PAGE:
"It was the first time in the country you had medical and clinical oncology in the same department and I think that's worked very well."
Adrian has seen many scientific advances since he began his career, but the most significant, he says has been in "patients' rights: how you talk to patients, patient privacy, not having hordes of medical students discussing around you. When I was a medical student, it was like 'Doctor in the House'".

"These improvements to training, culture and organisation have made a big difference."


Although giving up his clinical work, Adrian is continuing his research.

When he first came to Oxford, he worked on the new endocrine therapy for breast cancer, before switching to working on the growth factors that make cancers grow, in particular that sub-group of cancers that grow more quickly due to an abnormal blood supply and are resistant to therapy.

He says he has witnessed enormous changes in the way cancer is treated - and huge advances in survival rates - in large part due to our improved understanding of the disease: "When I started there was one sort of breast cancer; now there are five kinds of breast cancer and each has a different treatment and that leads to more personalised treatment."

"Radiotherapy has changed beyond all recognition; you can give higher and higher amounts to smaller and smaller areas, so it kills more cancer cells with less toxicity. It's a very effective treatment. And that's important because, although 80% of patients die from metastasis - that is, when cancer spreads to other areas - 20% die because it comes back in the area it started.

"Then there are the drugs, which have made a massive difference across the board, though particularly in breast and colon cancer, and now with melanoma. Treating cancer after it's diagnosed and after the surgeons have removed the tumour, and when you know there's a chance there might be tiny metastasis around - if you give drugs immediately after the surgery, you can actually improve the outcome five, 10, 15 years later."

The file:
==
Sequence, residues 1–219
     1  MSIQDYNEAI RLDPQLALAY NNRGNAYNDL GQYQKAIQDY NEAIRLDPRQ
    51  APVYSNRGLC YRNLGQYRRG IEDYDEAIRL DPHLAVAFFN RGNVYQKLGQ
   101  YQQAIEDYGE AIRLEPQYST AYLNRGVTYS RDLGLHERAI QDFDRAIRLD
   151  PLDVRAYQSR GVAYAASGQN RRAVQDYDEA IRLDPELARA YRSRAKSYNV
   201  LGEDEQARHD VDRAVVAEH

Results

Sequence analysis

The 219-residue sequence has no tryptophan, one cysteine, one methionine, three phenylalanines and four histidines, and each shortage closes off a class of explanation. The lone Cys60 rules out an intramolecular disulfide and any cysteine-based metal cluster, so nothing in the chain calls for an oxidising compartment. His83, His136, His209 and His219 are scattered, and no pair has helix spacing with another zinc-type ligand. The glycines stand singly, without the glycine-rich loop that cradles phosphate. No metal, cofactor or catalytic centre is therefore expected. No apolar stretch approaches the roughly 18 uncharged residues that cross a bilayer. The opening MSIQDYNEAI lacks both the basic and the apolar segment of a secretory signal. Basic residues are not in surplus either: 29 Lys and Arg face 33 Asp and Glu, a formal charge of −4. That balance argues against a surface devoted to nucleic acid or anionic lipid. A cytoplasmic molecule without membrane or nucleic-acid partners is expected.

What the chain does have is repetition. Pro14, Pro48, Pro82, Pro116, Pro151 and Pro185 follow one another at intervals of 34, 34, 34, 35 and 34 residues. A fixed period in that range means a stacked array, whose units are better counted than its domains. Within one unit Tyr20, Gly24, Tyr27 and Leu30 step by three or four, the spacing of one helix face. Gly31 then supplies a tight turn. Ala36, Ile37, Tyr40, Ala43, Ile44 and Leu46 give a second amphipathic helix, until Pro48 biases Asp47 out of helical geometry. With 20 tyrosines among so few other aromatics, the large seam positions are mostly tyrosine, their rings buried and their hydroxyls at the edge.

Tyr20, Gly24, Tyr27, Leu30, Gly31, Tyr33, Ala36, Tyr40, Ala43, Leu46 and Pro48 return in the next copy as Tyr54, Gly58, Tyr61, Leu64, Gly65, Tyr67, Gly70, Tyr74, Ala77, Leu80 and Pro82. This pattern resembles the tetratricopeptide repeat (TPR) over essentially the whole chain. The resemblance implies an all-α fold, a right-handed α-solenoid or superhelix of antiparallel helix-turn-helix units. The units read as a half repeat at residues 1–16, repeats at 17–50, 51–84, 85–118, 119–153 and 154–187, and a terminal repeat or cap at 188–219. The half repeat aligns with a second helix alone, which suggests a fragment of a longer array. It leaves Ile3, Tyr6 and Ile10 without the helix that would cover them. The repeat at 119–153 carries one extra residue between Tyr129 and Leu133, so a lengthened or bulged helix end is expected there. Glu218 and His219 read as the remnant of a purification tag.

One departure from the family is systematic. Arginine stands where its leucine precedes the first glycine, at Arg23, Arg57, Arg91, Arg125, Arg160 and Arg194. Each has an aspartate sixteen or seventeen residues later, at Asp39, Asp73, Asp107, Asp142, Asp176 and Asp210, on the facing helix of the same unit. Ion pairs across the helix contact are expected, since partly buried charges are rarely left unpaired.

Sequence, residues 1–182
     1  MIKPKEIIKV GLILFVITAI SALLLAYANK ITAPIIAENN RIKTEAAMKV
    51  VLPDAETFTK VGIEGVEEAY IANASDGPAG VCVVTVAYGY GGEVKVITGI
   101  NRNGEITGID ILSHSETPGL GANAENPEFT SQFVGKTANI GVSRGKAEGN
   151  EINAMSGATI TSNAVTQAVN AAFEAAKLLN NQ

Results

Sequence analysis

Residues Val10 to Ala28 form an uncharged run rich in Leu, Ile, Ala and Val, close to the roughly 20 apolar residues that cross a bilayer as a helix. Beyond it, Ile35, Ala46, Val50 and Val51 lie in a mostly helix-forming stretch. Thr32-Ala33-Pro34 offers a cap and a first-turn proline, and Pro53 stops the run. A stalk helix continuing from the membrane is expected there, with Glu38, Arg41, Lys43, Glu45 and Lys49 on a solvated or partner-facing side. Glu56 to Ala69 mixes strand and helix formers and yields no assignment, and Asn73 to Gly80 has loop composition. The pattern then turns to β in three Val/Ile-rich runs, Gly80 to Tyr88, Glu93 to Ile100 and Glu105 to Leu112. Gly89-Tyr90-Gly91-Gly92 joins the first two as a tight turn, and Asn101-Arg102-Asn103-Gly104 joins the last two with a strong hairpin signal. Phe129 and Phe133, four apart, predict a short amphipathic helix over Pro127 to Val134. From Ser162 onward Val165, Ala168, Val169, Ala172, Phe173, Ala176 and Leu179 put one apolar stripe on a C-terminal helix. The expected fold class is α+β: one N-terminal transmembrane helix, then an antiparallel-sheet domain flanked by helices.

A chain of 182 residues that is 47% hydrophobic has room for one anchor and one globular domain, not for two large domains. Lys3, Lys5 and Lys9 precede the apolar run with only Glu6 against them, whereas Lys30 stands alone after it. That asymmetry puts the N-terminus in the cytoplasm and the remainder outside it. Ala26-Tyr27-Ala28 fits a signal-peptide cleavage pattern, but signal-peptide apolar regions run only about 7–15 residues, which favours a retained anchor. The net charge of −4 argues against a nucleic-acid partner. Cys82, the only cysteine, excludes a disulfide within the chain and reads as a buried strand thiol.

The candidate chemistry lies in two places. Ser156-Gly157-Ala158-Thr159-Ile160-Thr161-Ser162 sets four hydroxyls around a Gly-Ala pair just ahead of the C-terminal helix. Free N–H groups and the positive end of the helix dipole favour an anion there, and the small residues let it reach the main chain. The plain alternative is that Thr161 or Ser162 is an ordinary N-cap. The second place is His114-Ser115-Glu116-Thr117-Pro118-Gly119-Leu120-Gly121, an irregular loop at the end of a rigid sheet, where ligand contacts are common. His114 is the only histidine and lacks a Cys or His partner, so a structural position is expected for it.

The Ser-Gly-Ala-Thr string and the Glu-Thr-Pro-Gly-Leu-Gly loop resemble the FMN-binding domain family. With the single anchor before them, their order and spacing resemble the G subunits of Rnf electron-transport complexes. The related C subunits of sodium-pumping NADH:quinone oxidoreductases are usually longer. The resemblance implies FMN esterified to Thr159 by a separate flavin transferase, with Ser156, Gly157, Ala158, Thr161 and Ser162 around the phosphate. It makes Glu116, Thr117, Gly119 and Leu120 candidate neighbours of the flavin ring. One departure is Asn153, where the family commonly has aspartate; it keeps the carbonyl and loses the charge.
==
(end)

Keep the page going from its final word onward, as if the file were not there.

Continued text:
Leading the world

He says there have also been great strides in treating cancers using hormone therapy, immunotherapy and anti-blood vessel therapy. "All of these have come out of scientific advances, many made in Oxford, that are then applied in the clinic.

Looking forward to what breakthroughs we can expect in cancer treatments in the coming years, he says that as well as new drug development and radiotherapy, fields in which Oxford is a major centre, there is a "big focus in Oxford on immunotherapy, because we have several research groups leading the world on immunological aspects of disease".

Adrian has left a legacy, not just in the patients he has treated, but in the people he has taught. Clinicians who did their PhDs under him are now running the clinical service for breast cancer, so he is looking forward to supporting their clinical trials with his research in the labs.

Over the years, Prof Harris has met and treated many interesting and famous patients. One that sticks in his mind is the renowned sculptor Franta Belski, who donated the bust of Churchill which now overlooks the head and neck cancer unit at the Churchill Hospital, because he was a patient when it was the medical oncology unit.

"It's 50 years since I went to medical school, so I've seen a lot. Although people run down the NHS, it has been a fantastic system. Considering how I started in a Portakabin and had three consultants at the time and now there are 50 consultants doing cancer work in the city, there's been a massive investment and it's been great to see the benefits of that in the UK and here in Oxford. And a lot of that has been done through trials that I've participated in over the years."